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The Limits of Our Social Media OPM Conversation

The need for independent, data driven, research of the online program management ecosystem.

August 26, 2018
 
 

What will be the role of for-profit companies as higher education transitions from a physical to a digital industry?

How might colleges and universities accelerate the shift from offering master’s programs on campus, to offering master’s programs that are low-residency and fully online?

Is the growth of the OPM industry driving up the cost of higher education, as Noodle’s John Katzman suggests, by igniting an advertising / marketing / recruitment spending arms race.   

Or do OPMs serve, 2U's Chip Paucek argues, as a valuable partner and enabler for institutions - providing opportunities for colleges and universities to create high quality online programs that meet student needs while also providing much needed revenues?  

I’ve been trying to puzzle all this out. There really does not seem like there is much going on in the way of independent and data-driven analysis of the growth of OPM sector. Everyone in the discussion seems to have an a priori stake in the outcome.

Worryingly, it seems as much of our conversation about the strengths and weakness of the OPM model is playing out on social media  Social media - blogs, twitter, YouTube videos, etc. - has the advantage of low barriers to entry.  All of us can participate.  You can make a comment, post a tweet, write a blog post.  Ideas can be shared across our networks with a click.

The challenge is that our social media conversation is shallow, fact impoverished, and performative. Those with the loudest voices, or the most followers, are at risk of dominating the conversation.

We need to create a space for independent, sober, and objective analysis of the OPM industry - and its impact on institutions, students, and professors.  The OPM conversation needs to move out of blogs and out of twitter, an in to a space that adheres to the norms of hypothesis testing through data.  The question about should colleges and universities work with an OPM partner, and if so what sort of partnerships should they build, should be recast as an empirical question. One appropriate for academic study.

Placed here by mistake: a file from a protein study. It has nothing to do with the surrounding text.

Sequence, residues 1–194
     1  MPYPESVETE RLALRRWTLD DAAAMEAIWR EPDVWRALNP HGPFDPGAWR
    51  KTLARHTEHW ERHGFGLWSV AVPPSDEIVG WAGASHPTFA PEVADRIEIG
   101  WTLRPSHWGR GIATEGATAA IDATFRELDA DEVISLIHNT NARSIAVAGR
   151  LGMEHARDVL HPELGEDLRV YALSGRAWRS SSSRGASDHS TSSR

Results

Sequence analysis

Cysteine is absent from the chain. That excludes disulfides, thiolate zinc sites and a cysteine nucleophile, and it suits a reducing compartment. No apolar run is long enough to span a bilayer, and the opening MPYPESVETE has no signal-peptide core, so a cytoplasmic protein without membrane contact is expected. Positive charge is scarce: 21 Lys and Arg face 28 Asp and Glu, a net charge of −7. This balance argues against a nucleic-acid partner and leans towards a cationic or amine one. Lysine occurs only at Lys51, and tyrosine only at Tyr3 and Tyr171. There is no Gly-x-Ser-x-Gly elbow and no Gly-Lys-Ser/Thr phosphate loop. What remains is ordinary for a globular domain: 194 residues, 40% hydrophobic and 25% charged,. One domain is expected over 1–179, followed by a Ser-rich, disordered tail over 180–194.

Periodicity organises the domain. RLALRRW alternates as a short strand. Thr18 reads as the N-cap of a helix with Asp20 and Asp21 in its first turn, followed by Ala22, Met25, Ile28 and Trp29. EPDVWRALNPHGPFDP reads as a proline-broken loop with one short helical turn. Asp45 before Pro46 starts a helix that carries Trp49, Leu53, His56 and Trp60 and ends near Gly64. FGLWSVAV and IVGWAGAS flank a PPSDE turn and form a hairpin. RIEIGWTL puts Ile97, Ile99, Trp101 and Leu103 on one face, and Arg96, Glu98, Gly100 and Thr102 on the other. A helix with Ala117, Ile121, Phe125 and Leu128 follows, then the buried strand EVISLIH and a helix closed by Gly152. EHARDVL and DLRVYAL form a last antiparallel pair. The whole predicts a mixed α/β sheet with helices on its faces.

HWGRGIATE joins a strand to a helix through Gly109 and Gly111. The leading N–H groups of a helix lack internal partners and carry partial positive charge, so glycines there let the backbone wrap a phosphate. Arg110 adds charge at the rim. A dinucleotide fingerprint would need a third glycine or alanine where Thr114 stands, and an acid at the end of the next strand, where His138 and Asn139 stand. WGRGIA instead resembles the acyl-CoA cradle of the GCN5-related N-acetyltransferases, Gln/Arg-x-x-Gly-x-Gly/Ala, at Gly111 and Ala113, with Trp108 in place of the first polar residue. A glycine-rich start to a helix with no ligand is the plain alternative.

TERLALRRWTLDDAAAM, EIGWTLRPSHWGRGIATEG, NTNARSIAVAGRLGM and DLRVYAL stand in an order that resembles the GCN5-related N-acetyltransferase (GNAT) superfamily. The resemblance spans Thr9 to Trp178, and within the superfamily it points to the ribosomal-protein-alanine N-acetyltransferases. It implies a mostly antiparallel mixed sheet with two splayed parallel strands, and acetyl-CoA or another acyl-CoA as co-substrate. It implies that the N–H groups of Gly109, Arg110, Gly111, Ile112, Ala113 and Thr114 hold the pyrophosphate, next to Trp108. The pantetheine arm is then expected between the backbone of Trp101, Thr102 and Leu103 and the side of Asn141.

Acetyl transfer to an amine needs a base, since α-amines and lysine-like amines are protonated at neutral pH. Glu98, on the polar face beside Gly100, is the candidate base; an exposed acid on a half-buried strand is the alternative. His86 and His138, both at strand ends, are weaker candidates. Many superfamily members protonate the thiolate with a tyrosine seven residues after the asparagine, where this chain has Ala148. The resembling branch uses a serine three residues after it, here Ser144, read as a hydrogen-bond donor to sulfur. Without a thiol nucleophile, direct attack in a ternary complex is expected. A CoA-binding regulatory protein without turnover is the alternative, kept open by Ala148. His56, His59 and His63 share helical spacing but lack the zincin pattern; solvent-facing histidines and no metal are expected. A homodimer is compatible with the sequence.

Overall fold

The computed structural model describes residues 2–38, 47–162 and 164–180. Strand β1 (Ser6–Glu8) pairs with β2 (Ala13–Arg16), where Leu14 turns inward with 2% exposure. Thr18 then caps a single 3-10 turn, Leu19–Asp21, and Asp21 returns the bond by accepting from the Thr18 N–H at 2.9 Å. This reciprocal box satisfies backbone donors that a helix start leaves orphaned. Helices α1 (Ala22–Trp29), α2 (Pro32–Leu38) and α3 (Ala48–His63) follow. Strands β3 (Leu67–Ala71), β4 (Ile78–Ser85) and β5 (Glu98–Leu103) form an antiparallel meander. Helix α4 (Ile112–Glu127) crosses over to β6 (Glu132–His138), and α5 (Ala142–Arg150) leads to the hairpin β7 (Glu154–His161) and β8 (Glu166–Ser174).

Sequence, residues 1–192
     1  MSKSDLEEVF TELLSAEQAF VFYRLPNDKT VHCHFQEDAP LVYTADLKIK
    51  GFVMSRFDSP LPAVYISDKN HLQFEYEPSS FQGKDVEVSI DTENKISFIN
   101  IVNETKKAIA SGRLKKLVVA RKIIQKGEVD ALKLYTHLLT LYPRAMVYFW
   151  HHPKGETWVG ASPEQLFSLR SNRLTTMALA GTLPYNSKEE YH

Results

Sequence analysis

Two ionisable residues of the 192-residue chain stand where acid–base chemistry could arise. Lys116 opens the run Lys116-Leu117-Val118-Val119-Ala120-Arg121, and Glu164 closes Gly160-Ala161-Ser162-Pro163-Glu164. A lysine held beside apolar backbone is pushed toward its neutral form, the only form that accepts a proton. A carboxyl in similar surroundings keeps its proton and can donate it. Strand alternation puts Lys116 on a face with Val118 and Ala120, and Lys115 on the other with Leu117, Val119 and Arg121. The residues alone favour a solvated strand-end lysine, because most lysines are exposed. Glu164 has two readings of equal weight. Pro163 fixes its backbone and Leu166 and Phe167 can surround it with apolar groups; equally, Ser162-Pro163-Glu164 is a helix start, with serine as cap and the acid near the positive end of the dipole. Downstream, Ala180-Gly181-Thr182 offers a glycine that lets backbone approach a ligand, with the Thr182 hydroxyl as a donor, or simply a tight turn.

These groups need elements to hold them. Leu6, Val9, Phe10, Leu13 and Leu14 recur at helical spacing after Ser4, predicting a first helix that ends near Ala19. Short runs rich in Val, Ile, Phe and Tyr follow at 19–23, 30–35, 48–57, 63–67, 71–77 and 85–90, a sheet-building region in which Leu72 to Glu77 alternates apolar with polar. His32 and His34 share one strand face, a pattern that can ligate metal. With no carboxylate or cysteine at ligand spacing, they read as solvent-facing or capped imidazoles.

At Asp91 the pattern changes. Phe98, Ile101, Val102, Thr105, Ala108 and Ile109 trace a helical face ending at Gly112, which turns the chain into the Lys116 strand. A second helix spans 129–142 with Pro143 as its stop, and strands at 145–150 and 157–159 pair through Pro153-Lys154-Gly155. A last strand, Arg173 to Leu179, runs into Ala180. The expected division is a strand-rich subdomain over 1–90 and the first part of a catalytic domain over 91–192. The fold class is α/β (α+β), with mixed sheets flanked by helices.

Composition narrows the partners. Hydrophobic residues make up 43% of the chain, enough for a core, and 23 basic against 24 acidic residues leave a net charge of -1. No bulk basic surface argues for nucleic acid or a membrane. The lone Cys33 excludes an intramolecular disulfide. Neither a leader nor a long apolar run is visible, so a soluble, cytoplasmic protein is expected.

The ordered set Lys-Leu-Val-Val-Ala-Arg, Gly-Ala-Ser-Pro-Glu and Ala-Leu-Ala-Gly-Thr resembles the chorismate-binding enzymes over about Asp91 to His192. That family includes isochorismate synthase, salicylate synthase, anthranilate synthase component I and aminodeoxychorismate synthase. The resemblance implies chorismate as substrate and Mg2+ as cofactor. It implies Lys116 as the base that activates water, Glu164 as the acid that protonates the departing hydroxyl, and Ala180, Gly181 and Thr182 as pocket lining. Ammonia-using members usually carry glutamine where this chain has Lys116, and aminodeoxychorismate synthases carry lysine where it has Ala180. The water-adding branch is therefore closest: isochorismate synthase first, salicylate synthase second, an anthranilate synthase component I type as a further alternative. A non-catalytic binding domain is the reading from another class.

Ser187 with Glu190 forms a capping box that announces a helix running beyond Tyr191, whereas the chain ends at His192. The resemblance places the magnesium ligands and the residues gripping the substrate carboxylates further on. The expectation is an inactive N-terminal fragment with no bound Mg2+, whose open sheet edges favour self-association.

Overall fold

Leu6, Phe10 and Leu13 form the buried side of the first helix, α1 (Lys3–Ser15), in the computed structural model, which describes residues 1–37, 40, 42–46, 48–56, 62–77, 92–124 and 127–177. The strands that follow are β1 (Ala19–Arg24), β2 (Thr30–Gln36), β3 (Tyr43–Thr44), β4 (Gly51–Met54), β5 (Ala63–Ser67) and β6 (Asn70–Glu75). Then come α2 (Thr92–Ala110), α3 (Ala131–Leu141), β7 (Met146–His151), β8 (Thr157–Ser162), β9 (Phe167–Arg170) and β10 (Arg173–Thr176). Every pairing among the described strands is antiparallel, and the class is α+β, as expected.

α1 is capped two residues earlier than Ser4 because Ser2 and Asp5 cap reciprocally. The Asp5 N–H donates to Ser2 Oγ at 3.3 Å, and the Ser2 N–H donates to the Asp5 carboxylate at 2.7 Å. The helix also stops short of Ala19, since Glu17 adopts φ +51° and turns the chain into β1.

This does not mean that the social media conversation around OPMs should go away. That is an accessible and vibrant discussion. It just needs to be complemented by a more academic discussion of the OPM industry.

Where this academic OPM analysis might occur is not yet clear.  There is a great deal of work to be done in just getting the data from the schools and the companies that would be necessary for this sort of ongoing analysis and research.  It will take considerable time to fully understand the postsecondary and corporate ecosystems in which the OPM industry operates.  There are many OPM companies, and many more schools that are launching online programs with and without partners.  A researcher in this space will need to be able to move fluently across all these domains.

Where such an organization for the analysis of OPMs might be based is another good question.  My bias is to place such a center at a college or university.  To have professors do this research.  To integrate the research on OPMs and the changing postsecondary landscape with teaching.

Alternatively, this sort of institute could be independent.  It could be based in a professional association, a think tank, or a foundation.  Wherever something like this lives, I think it would need to be nonprofit.

Would the OPM companies ever contribute both money and anonymized data to an independent organization?  And if something like this were to be set-up, would an organization funded by OPMs - even if autonomous and independent - have credibility within higher education?

Can you point us to any independent analysis of the OPM ecosystem, and its role in the changing structure of postsecondary education?

Where do you get your information and ideas about OPMs?

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